Toning: After exfoliating, a toner helps balance the skin’s pH level and bring it back to what it should be to prepare it for the rest of the Korean skin care routine. Often, however, chemical exfoliation products will act as a toner on top of their exfoliating properties, eliminating this step altogether.
Essence: An essential step in good hydration, the K-beauty routine is hyper focused on assuring that a skin care routine plays an integral role in maintaining the skin’s natural moisture barrier. Products like snail essence and hyaluronic acid play a major role in boosting hydration without weighing skin down.
Serums/Treatments: This is where a K-beauty routine differs based on individual needs. Those with concerns for acne may lean toward a sulphur serum or retinoid that can help eliminate, prevent, or treat breakouts. Other concerns that these products address can range from clarifying, brightening, anti-aging, or hydrate even further—should that be the consumers concern.
Masking: One of the most recognizable elements of Korean beauty routines, sheet masks have gained worldwide recognition largely due to their reputation on social media. Sheet masks are pieces of fabric soaked in essence or serum that help the skin soak up as much of the product as possible. The products are created to address a variety of issues—from brightening and clarifying to hydration. Most skin care experts recommend using the products once per week, but hydrating sheet masks can be used as often as necessary.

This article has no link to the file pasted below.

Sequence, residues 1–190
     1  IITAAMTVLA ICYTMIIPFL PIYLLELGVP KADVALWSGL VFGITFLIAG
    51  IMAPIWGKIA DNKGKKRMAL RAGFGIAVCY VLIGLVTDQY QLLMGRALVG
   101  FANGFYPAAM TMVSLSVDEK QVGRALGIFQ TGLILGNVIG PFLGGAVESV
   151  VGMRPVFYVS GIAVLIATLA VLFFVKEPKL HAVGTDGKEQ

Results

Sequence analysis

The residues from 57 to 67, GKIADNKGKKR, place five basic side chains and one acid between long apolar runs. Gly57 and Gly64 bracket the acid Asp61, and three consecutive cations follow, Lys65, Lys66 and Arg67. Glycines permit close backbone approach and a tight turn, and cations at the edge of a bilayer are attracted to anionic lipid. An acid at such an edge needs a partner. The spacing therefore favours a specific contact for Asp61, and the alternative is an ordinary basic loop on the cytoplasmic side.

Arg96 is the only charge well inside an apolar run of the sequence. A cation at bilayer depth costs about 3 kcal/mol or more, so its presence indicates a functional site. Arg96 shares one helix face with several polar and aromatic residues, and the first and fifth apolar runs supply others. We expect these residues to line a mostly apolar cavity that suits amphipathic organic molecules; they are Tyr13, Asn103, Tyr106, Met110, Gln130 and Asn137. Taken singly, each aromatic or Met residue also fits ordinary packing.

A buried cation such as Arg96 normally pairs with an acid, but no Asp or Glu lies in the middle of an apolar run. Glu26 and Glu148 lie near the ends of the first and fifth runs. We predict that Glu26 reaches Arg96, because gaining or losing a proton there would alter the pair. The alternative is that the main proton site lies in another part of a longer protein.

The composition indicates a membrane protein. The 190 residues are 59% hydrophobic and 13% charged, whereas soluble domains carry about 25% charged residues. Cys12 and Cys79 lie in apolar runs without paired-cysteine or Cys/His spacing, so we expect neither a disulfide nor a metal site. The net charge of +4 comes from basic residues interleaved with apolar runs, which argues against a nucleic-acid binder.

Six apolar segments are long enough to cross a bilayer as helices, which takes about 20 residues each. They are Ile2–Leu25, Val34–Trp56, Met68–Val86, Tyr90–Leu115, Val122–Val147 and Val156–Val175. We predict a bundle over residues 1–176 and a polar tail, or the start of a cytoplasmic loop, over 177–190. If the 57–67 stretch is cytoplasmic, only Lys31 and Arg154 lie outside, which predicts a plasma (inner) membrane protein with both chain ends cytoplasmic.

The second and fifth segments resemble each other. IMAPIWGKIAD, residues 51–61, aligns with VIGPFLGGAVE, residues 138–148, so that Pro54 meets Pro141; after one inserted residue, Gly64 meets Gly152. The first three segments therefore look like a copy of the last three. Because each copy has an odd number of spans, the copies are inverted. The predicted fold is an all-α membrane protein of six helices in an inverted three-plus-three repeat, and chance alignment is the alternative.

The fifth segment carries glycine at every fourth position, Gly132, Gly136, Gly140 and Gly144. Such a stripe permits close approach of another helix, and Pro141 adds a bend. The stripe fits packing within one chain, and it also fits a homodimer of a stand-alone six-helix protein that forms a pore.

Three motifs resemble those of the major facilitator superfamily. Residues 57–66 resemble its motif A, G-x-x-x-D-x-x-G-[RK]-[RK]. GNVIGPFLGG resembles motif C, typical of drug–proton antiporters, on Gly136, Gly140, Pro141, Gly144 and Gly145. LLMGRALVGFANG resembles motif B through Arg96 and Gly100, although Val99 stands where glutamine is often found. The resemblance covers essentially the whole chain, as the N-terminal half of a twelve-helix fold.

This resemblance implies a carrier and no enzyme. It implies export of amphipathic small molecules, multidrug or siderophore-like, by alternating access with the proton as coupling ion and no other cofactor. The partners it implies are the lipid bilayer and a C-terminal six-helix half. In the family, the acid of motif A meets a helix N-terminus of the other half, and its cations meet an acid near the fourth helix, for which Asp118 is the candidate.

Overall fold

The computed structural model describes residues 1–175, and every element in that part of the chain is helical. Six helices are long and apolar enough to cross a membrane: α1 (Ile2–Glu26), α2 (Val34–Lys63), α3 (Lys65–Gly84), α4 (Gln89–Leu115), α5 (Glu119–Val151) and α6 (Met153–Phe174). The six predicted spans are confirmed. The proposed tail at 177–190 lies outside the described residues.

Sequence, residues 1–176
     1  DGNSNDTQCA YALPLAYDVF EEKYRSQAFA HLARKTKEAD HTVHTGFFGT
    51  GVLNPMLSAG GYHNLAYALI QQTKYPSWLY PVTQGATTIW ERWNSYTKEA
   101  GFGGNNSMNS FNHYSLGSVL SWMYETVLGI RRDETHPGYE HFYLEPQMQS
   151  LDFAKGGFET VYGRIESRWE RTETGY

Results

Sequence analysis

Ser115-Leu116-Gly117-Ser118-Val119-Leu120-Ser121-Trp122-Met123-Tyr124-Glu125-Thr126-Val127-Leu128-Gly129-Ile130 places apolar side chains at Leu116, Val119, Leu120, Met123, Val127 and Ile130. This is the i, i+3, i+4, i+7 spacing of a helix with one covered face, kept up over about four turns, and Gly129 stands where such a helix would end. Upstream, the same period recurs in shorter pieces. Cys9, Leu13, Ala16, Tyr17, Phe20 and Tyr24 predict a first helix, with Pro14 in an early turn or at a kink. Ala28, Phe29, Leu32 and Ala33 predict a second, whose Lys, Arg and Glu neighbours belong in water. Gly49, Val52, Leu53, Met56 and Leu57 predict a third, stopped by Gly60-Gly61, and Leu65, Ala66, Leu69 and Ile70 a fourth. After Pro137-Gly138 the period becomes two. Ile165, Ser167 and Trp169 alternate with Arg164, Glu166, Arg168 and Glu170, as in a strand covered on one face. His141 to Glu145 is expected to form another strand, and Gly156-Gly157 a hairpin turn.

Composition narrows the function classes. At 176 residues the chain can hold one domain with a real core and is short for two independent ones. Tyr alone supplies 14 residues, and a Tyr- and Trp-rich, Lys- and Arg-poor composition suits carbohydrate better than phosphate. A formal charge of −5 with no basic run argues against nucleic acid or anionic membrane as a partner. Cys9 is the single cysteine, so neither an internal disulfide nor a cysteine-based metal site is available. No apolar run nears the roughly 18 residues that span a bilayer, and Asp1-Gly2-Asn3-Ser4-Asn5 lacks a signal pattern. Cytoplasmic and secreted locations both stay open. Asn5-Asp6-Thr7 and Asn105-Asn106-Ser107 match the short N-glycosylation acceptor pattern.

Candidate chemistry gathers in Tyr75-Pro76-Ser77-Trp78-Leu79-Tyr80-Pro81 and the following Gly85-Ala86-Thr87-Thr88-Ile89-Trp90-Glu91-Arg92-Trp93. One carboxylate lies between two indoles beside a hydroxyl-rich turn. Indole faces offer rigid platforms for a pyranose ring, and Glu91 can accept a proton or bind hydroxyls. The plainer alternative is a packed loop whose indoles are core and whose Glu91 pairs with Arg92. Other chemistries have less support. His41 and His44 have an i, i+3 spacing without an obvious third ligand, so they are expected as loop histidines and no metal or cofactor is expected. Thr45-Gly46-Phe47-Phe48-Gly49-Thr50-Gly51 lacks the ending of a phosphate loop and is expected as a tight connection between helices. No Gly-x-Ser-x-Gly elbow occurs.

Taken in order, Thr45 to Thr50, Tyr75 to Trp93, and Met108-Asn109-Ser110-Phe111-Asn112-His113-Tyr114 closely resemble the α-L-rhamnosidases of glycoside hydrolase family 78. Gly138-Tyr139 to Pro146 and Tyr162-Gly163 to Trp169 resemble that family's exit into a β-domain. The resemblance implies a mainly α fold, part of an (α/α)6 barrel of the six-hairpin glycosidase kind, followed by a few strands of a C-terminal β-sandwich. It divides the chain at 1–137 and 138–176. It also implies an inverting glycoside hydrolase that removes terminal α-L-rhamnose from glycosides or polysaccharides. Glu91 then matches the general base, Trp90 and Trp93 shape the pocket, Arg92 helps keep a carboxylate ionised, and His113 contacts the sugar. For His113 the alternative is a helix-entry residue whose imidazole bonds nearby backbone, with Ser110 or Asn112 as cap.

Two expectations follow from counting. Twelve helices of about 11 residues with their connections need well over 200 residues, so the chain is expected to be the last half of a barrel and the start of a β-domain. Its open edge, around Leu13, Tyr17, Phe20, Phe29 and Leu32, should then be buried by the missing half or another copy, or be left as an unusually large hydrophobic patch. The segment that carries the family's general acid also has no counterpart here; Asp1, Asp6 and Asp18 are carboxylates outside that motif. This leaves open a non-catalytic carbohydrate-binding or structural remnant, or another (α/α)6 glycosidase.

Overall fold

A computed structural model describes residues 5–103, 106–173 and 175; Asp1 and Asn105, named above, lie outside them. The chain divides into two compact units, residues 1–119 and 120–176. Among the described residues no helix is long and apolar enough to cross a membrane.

Eye Creams: Because the skin around the eyes is particularly delicate, many Korean beauty companies encourage consumers to use a separate cream that will gently moisturize and hydrate the eye area. Ingredients like ceramides and vitamin C are popular additives in eye creams because they help maintain elasticity and brighten the eye area.
Moisturizer/Sleeping Mask: After Korean skin care fans have finished applying eight other products to their face, they’ll use a sleeping mask or moisturizer to help the skin maintain moisture and elasticity while it soaks up the rest of the ingredients from the serums and treatments. During the day this calls for a moisturizer, while at night it calls for a sleeping mask (a mask that, unlike a sheet mask, is not removed until the next morning).
SPF: Finally, the routine is finished off with an SPF to protect the skin from harmful UV rays throughout the day. Skintelligent consumers are aware of the importance of wearing an SPF every single day, even just for general errands or a daily commute.
K-beauty’s promotion of ‘skintelligence’